Combating Financial Fraud

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By Dr. Jesrina Ann Xavier and Associate Professor Dr. Chong Wei Ying

According to a recent study, financial fraud amongst senior citizens is present in both urban and rural areas. In fact, these types of financial fraud are also highly underreported in Malaysia, as reporting these cases is known to cause emotional stress among senior citizens. 
Senior citizens are often targets of scammers as they are perceived to have huge amounts of retirement funds. Since August 2022, there have been multiple cases of senior citizens losing a significant portion of their savings, ranging from RM100,000 to RM1.8 million to various methods of scam.
These scammers are good at playing on the sentiments of senior citizens who are wanting to financially contribute to their families. There have even been instances where senior citizens are unaware that they are scammed, even after losing huge sums of money. 
The problem remains widespread and law enforcement is working hard to search for avenues where future cases might be prevented. It would be prudent to consider alternative approaches to tackling the issue. 
Design thinking is a problem-solving approach that involves empathy for the user, collaboration, iteration, and experimentation. It can be used to combat financial fraud among senior citizens by focusing on their specific needs, challenges, and behaviors. 
Design thinking begins with empathy for its users, in this case, senior citizens who are vulnerable to financial fraud. Design thinkers will be able to understand their needs, desires, fears, and challenges when it comes to managing their finances. This can be done through user research, such as interviews, surveys, and observations. 
Once a deep understanding of the senior citizens’ needs and challenges is gained, the problem can be defined accurately. Design thinkers may discover that senior citizens may have difficulty identifying fraudulent emails or phone calls, or they may be easily confused by complex financial products.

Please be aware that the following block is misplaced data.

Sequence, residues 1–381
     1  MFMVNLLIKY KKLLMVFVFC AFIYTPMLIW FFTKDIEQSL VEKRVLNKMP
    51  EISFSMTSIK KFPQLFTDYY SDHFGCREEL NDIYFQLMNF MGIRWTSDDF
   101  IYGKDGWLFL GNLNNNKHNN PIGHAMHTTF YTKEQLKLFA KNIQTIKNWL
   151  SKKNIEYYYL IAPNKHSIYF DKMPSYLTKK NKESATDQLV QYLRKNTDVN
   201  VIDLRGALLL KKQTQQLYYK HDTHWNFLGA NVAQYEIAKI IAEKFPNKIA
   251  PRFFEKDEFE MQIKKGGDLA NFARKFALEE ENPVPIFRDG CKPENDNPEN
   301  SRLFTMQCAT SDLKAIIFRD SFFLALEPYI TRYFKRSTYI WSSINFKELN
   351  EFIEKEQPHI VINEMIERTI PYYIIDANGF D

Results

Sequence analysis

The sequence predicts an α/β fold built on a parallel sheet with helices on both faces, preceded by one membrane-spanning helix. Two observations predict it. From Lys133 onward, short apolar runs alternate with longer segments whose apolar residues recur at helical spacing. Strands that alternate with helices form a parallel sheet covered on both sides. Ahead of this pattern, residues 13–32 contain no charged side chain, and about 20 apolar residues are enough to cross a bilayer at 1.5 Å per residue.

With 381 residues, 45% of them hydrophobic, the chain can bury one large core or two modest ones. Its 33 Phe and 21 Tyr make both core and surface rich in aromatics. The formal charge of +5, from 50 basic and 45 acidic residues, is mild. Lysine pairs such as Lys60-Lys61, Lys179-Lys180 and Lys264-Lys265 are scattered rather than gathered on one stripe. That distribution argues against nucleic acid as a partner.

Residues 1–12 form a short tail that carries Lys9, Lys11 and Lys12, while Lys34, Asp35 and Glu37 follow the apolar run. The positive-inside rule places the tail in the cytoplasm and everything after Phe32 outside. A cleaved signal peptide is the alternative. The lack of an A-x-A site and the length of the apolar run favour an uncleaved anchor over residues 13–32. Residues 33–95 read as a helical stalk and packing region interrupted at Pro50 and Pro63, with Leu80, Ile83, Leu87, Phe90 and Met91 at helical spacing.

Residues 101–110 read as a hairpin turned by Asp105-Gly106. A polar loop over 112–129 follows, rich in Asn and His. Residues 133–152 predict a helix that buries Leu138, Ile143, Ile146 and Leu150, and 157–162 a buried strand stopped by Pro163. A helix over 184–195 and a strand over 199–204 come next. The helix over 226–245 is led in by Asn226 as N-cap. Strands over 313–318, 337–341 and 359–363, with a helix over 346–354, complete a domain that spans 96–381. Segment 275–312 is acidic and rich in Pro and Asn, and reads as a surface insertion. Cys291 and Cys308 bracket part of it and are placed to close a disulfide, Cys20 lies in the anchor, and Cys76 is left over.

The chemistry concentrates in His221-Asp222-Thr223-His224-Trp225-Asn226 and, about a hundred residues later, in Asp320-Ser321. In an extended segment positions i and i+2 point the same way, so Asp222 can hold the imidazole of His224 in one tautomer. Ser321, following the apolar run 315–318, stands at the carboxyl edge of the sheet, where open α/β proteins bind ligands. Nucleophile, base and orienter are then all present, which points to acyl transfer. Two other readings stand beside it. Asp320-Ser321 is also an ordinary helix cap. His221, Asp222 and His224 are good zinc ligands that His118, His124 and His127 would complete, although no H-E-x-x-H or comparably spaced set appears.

The next step is to brainstorm and generate potential solutions to the problem. Design thinkers should aim for quantity at this stage and consider a wide range of options. Here, design thinkers may consider developing a simple, easy-to-use application that helps senior citizens identify fraudulent activity, or they may consider creating an educational program that teaches senior citizens how to avoid financial scams.
After generating potential solutions, design thinkers can create prototypes or mockups of their ideas to test them with the senior citizens. This allows them to get feedback and refine their ideas before investing significant resources into developing a final solution. Design thinkers may create a prototype of an application and test it with a group of older people to see how easy it is to use and whether it helps them avoid fraudulent activity.
Once design thinkers have developed a solution, they can implement it and continue to iterate and refine the solution based on feedback and data. An application can be released to a wider audience to collect data on how it is being used and whether it is effective at preventing financial fraud.
It is now time for us to empathize with senior citizens in combating financial fraud. It is through observation and engagement that a design to solve this critical problem can be found. As aptly expressed by Bryant McGill, ‘The solution to nearly every problem in the world comes down to greater awareness, compassion, and empathy’. 

About the author: Dr. Jesrina Ann Xavier (bottom) and Associate Professor Dr. Chong Wei Ying (left) are lecturers from the School of Management and Marketing, Faculty of Business and Law at Taylor’s University. This is an opinion column. The views and opinions expressed in this article are those of the authors and do not necessarily reflect the official policy or position of this publication.

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